WASHINGTON — The deal looked sketchy from the start.
To outfit Afghanistan’s security forces with new helicopters, the Pentagon bypassed U.S. companies and turned instead to Moscow for dozens of Russian Mi-17 rotorcraft at a cost of more than $1 billion.
Senior Pentagon officials assured members of Congress that the Department of Defense had made the right call. They repeatedly cited a top-secret 2010 study they said named the Mi-17 as the superior choice.
Turns out the study told a different story, according to unclassified excerpts obtained by The Associated Press.
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The U.S. Army’s workhorse Chinook, built by Boeing in Pennsylvania, was found to be “the most cost-effective single platform type fleet for the Afghan Air Force over a twenty-year” period, according to the excerpts.
Lawmakers who were following the copter deal were stunned.
Sen. John Cornyn of Texas, the Senate’s No. 2 GOP leader and one of the most vocal critics of the contract, said the Defense Department “repeatedly and disingenuously” used the study to prove the necessity of buying Mi-17s.
More than two years since the Mi-17 contract was signed, a veil of secrecy obscures the pact despite its high-dollar value, the potential for fraud and waste, and accusations the Pentagon muffled important information.
The deal also serves as a reminder to a war-weary American public that Afghanistan will remain heavily dependent on U.S. financial support even after its combat troops depart.
“So why are we buying Russian helicopters when there are American manufacturers that can meet that very same requirement?” Cornyn asked.
As recently as September, Deputy Defense Secretary Ashton Carter cited the study in a letter to House members defending the decision. Carter left his job last week.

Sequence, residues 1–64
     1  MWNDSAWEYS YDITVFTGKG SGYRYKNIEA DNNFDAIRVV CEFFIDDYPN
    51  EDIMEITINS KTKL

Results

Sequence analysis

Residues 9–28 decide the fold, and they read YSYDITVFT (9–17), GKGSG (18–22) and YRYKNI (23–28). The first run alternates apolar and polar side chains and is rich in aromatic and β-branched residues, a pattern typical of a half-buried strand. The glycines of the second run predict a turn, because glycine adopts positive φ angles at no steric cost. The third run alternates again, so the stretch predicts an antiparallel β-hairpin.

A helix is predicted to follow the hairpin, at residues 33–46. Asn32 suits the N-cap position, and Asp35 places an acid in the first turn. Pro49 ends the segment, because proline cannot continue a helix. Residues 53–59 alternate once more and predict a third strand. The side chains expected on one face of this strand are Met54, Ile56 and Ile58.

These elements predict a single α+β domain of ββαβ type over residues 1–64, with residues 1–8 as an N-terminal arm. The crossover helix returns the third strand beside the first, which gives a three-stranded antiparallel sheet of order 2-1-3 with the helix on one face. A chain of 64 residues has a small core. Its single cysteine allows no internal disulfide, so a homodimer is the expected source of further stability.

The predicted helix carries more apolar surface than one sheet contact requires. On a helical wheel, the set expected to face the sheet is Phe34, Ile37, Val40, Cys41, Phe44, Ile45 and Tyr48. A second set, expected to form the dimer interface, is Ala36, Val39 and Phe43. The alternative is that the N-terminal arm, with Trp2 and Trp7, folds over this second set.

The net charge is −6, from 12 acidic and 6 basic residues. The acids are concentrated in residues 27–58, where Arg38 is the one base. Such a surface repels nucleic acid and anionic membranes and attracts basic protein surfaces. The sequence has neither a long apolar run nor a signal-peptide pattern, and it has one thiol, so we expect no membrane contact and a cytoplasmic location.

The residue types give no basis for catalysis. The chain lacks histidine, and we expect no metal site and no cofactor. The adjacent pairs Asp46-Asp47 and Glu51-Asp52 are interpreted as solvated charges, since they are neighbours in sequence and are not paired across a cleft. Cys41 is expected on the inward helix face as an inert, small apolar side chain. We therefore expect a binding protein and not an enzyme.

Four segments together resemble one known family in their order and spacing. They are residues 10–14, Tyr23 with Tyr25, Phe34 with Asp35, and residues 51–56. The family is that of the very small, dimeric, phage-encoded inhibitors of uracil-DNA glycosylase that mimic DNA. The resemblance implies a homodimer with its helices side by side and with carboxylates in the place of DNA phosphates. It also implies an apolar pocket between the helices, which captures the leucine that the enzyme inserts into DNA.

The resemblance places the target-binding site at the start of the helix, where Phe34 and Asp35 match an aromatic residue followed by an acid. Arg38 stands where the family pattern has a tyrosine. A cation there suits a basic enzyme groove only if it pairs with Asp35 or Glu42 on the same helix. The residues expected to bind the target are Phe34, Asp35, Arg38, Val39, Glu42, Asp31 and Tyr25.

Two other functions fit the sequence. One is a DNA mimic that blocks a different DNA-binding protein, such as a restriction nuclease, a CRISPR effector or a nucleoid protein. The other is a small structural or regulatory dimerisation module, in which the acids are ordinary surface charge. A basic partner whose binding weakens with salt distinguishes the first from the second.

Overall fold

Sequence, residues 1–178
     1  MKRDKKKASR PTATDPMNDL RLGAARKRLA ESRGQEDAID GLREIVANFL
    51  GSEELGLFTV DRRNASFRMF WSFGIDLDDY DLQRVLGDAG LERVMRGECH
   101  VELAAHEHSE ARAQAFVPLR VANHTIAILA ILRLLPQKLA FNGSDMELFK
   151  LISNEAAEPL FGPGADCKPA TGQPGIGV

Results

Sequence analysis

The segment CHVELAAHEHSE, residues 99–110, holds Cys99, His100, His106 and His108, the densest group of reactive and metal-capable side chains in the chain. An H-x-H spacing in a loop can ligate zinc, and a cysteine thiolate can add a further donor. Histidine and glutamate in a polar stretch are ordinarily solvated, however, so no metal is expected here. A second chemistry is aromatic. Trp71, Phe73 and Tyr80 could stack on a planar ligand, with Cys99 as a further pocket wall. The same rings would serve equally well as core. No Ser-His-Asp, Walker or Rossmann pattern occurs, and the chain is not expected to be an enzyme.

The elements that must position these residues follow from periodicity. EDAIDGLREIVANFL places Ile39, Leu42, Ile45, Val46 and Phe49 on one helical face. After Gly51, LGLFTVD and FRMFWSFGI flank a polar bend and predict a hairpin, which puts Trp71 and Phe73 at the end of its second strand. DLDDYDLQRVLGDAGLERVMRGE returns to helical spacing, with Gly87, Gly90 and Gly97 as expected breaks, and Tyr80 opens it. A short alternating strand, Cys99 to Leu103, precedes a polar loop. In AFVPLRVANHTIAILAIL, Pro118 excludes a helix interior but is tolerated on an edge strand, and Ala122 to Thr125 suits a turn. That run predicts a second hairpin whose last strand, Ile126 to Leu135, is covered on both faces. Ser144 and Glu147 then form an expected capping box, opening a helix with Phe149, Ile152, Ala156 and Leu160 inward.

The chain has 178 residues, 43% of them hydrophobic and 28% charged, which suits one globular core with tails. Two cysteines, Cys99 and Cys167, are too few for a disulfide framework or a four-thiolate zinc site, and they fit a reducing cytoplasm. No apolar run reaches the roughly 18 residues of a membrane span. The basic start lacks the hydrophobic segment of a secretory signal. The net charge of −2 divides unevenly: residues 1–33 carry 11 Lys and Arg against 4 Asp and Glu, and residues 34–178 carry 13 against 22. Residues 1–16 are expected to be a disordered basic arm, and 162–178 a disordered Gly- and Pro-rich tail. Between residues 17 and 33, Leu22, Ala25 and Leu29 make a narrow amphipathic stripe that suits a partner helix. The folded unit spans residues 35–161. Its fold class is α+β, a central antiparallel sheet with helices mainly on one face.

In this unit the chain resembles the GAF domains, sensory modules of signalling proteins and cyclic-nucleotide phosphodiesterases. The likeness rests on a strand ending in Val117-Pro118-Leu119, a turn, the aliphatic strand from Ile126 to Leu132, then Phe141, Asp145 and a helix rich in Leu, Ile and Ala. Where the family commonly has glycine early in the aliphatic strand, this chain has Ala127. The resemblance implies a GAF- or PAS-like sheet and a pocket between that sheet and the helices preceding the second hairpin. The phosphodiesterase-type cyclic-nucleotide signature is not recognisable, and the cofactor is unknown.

Last year, Frank Kendall, the Pentagon’s top acquisition official, and policy chief James Miller pointed to the study in a written response to questions posed by Cornyn.
A few weeks after the secret study was completed, Army Secretary John McHugh wrote in a 2011 memo “that the Mi-17 stands apart” when compared with other helicopters.
The Pentagon denies it misled Congress.
A senior department official said the study was focused on long-term requirements and not the immediate needs of the Afghan military, which were best met by the Mi-17. Also, U.S. commanders in Afghanistan wanted the Mi-17 because it is durable, easy-to-operate and the Afghan forces had experience flying it, according to the official, who was not authorized to be identified as the source of the information.
There’s no dispute that heavy-duty helicopters capable of quickly moving Afghan troops and supplies are essential to accomplishing that mission. But the decision to acquire them from Russia has achieved the rare feat in a divided Congress of finding common ground among Republicans and Democrats.
Why, lawmakers from both political parties have demanded, is the U.S. purchasing military gear from Russia?
Russia has sold advanced weapons to repressive government in Syria and Iran, sheltered National Security Agency leaker Edward Snowden and been criticized by the State Department for adopting laws that restrict human rights.
On top of all that, corruption is rampant in Russia’s defense industry, they say, heightening concerns that crooked government officials and contractors are lining their pockets with U.S. money.